Within this part of the business plan, you should include a detailed, step-by-step production workflow for a specific service or product. Try to identify any critical problems you predict possibly occurring. This will provide the informational bedrock of the later section in which you’ll describe the known risks associated with your business, as well as possible interferences. If your production process entails the handling of hazardous materials, though – this is something you want to mention even now.

You also need to demonstrate that your business is fully aware of the global, national, regional, and local standards relevant to (i.e. ISO 9000). That means detailing any industry association memberships/product certifications that you plan to attain, as well as those you already have. If you need to take any significant steps to ensure compliance with industry standards, provide details on how you will achieve that.

You should also provide a detailed insight into your suppliers, their terms, conditions, and prices. If any suppliers do not prove to be adequate, describe the alternative arrangements you’re prepared to make (contingency planning is a critical component of any business plan, often overlooked). Then describe the quality control process for your service or product. If you want your company to pursue any quality control certification, describe how you intend to accomplish that.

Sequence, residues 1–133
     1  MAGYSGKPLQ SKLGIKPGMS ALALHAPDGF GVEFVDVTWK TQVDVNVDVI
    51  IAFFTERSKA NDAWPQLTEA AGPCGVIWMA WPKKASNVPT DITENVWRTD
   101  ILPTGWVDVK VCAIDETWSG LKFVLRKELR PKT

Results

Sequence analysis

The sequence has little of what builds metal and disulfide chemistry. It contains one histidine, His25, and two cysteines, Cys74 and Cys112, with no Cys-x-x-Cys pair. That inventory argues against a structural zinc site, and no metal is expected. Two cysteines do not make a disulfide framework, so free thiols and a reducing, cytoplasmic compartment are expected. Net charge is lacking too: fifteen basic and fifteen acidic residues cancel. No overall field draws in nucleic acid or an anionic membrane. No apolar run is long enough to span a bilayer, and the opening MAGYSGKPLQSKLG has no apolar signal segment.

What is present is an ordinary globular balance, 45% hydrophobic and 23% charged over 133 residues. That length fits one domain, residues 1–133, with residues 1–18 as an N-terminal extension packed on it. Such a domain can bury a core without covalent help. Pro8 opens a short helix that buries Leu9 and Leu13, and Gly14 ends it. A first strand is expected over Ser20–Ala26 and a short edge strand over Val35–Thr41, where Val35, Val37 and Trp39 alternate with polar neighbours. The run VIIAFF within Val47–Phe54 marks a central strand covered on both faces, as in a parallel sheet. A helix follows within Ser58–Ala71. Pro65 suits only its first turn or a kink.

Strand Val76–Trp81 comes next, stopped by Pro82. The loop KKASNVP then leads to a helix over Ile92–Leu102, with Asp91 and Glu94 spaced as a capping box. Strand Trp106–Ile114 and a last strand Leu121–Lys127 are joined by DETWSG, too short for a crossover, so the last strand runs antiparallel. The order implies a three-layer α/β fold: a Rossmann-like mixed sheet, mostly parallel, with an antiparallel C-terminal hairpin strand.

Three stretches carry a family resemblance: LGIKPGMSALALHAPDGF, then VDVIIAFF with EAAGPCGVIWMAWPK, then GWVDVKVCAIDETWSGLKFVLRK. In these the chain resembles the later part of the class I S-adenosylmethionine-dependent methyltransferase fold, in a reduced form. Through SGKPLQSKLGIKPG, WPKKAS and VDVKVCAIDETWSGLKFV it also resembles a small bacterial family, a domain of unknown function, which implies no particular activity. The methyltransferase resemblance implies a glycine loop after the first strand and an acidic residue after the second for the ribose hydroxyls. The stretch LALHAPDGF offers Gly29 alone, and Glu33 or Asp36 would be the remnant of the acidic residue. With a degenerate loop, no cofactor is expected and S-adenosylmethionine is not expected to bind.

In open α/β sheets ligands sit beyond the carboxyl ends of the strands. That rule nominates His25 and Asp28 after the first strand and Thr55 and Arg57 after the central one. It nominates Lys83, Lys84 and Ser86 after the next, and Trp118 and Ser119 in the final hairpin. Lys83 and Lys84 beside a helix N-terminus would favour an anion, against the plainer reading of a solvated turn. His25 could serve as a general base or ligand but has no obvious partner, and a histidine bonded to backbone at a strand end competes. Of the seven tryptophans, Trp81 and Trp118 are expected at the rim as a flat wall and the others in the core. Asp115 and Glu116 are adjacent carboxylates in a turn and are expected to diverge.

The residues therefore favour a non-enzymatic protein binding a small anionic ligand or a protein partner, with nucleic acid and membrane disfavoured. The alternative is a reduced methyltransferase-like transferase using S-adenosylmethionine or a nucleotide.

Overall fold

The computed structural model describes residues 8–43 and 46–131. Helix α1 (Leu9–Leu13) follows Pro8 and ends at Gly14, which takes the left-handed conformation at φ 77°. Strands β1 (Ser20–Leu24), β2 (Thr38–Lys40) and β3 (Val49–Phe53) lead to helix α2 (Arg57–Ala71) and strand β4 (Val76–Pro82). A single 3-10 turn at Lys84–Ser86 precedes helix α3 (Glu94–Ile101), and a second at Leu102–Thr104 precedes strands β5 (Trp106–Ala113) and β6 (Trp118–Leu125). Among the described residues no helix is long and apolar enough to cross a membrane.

Make a list of all the resources you need to make your plan work, including premises, office space, equipment, raw materials and labour. You should describe where precisely you plan to conduct business. Will you need a building for a manufacturing plant? Or a storefront of some kind? Do you already possess the required space?

If the latter is the case, then you’ll need to explain the circumstances in which you use the space – in other words, whether you lease or own it. Also, if there is a lease on the property, you will want to describe its terms here. Make your long-term plans for any operational space quite clear, and describe what spatial needs you will need in the future.